US and India come to an agreement to settle 2% digital tax levy



In what could be a strategic move to strengthen the ties between US and India, the Indian government has decided to repeal the 2% equalization levy on e-commerce operators, after both countries came to an agreement to settle differences.

The United States Trade Representative (USTR) said the agreement between the US Treasury and India’s Finance Ministry applies the same terms agreed to with Austria, Britain, France, Italy, Spain and Turkey, but with a slightly later implementation date.

The pact follows an October agreement by 136 countries in principle to withdraw their digital services taxes as part of a sweeping global tax deal agreed on Oct. 8 to adopt a 15 percent global minimum corporate tax and grant some taxing rights on large profitable companies to market countries.

Under the agreement, India will continue to impose the levy on March 31, 2024, or till the implementation of Pillar 1 of the OECD agreement on taxing multinationals and cross-border digital transactions.

“India and US have agreed that the same terms that apply under the October 21 joint statement shall apply between the US and India with respect to India’s charge of 2% equalization levy on e-commerce supply of services and the US’ trade action regarding the said equalization levy,” the finance ministry said in a statement. It added that India and the US will remain in ‘close contact’ to ensure there is a common understanding of the respective commitments, and any further differences of views on this matter are resolved through constructive dialogue.

The final terms of the agreement will crystalize by February 1, 2022, the ministry added.

“Under this agreement, and consistent with and applying the same terms as the earlier agreements with Austria, France, Italy, Spain, the United Kingdom, and Turkey, in defined circumstances the liability from India’s equalization levy on e-commerce supply of services that US companies accrue in India during the interim period will be creditable against future taxes accrued under Pillar 1 of the OECD agreement. The period during which the credit accrues will, however, be from April 1, 2022, until either the implementation of Pillar 1 or March 31, 2024 (whichever is earlier),” the USTR said in a statement.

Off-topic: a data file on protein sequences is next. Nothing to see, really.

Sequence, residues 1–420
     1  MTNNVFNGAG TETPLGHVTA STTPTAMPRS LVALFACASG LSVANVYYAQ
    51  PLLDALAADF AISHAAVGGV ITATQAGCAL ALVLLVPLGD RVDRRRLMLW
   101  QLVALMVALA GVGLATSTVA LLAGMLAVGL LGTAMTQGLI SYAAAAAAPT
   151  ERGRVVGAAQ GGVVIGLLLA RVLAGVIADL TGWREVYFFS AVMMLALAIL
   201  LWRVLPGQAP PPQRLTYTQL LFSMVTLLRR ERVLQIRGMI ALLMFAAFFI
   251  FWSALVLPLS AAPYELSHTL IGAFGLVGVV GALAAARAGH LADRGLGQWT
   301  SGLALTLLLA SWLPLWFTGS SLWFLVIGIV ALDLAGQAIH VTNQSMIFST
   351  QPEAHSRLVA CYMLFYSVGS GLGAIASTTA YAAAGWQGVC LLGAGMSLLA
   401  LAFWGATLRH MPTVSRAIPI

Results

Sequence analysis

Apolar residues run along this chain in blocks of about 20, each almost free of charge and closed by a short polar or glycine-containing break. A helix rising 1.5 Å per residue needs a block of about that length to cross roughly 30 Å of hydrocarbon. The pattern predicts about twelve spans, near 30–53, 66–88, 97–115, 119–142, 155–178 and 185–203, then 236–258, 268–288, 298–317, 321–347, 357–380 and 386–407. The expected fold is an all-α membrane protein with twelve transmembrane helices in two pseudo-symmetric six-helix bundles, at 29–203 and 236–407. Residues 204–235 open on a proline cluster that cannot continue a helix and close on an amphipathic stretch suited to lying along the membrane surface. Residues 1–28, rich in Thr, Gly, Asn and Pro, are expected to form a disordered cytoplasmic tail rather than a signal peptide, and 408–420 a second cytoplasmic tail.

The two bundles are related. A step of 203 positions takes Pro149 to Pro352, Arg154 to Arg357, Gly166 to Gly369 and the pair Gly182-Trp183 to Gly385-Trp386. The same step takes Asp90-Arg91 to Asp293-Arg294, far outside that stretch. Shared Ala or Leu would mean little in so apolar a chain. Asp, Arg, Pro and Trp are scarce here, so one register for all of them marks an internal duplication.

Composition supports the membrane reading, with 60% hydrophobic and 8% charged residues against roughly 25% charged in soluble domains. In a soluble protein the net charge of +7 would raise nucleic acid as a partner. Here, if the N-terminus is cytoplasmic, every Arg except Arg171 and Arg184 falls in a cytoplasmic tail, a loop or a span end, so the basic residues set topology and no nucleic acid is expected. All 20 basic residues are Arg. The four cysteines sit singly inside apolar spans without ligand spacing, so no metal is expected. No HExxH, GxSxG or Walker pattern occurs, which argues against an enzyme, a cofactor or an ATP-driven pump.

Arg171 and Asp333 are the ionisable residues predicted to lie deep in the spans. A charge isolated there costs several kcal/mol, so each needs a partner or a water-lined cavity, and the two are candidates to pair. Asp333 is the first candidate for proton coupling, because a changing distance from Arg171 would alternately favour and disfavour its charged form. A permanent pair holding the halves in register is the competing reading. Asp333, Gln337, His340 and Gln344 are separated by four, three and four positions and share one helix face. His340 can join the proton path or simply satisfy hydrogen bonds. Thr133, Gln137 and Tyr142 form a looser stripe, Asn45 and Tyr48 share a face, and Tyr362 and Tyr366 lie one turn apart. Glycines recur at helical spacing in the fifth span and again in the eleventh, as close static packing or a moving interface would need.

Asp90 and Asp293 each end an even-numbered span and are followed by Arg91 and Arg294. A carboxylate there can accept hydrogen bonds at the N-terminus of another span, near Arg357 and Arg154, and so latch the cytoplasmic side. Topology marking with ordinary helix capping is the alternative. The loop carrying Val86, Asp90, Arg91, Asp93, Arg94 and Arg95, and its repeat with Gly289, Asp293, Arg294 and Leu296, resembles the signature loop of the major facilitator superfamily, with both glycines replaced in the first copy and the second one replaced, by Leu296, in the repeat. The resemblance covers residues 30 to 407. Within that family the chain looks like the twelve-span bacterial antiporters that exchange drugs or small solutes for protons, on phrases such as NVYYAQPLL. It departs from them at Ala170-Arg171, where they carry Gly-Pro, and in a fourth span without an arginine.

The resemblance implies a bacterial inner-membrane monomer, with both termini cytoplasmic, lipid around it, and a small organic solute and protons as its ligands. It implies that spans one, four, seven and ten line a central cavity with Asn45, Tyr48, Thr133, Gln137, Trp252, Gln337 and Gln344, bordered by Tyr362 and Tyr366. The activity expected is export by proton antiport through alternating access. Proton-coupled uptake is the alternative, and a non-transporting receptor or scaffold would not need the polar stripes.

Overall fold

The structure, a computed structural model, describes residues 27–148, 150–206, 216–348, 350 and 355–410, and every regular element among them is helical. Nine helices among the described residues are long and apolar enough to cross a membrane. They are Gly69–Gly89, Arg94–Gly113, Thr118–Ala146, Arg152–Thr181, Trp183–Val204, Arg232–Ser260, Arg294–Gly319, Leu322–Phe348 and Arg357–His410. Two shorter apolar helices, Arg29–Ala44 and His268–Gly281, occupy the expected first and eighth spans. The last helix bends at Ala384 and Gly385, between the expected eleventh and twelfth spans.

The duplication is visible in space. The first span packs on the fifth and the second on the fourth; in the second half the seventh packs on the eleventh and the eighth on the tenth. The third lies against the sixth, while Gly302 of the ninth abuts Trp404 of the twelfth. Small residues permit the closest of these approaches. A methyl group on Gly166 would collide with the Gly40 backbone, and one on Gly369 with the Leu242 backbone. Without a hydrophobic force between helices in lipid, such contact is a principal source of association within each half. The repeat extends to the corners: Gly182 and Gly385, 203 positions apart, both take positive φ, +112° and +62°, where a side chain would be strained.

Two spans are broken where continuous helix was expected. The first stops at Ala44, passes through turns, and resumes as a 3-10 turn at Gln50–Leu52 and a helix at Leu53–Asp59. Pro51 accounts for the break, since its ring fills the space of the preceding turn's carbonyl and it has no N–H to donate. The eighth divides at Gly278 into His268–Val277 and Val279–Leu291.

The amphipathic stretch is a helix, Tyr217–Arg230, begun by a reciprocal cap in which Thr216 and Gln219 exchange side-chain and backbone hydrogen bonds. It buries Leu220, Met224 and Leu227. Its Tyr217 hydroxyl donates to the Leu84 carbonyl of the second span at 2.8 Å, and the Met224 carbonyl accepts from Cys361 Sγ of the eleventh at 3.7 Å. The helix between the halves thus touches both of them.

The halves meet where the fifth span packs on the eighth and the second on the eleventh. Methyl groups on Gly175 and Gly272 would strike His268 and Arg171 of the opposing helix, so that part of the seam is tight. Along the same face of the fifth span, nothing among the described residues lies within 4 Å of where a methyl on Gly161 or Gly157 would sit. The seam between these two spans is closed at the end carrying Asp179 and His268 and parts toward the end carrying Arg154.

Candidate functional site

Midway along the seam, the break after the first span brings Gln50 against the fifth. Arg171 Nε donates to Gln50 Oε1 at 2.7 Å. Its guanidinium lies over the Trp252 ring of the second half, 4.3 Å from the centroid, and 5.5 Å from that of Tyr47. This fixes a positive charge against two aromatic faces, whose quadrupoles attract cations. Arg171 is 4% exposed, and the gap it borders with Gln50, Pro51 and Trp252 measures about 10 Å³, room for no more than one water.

As per the statement, the US will terminate the currently-suspended additional duties on goods of India that had been adopted in the DST Section 301 investigation.

“The India-USA agreement on a transitional approach is beneficial to India as it can carry on with the present 2% levy with certainty until Pillar 1 takes effect,” said Amit Maheshwari, tax partner at tax and consulting firm AKM Global.

Once the OECD agreement rolls out, the 2% equalization levy will have to be withdrawn. This applies to other countries as well that have imposed a similar tax.

According to the terms agreed upon by five countries in the October 21 agreement, India will have to provide credit if collected tax over this period is more than it gets when the OECD regime rolls out for a similar period.

USTR said for India, the starting date for those credits was pushed back to April 1, 2022, with a three-month extension beyond the end of 2023 if the OECD tax deal is not implemented by that time.